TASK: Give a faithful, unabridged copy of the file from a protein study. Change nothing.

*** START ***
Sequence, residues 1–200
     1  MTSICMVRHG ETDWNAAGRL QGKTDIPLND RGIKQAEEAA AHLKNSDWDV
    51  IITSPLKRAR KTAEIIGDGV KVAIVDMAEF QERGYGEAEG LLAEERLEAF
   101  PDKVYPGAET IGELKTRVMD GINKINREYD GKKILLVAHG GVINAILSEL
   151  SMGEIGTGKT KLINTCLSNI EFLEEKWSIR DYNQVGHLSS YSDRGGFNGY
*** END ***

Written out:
Sequence, residues 1–200
     1  MTSICMVRHG ETDWNAAGRL QGKTDIPLND RGIKQAEEAA AHLKNSDWDV
    51  IITSPLKRAR KTAEIIGDGV KVAIVDMAEF QERGYGEAEG LLAEERLEAF
   101  PDKVYPGAET IGELKTRVMD GINKINREYD GKKILLVAHG GVINAILSEL
   151  SMGEIGTGKT KLINTCLSNI EFLEEKWSIR DYNQVGHLSS YSDRGGFNGY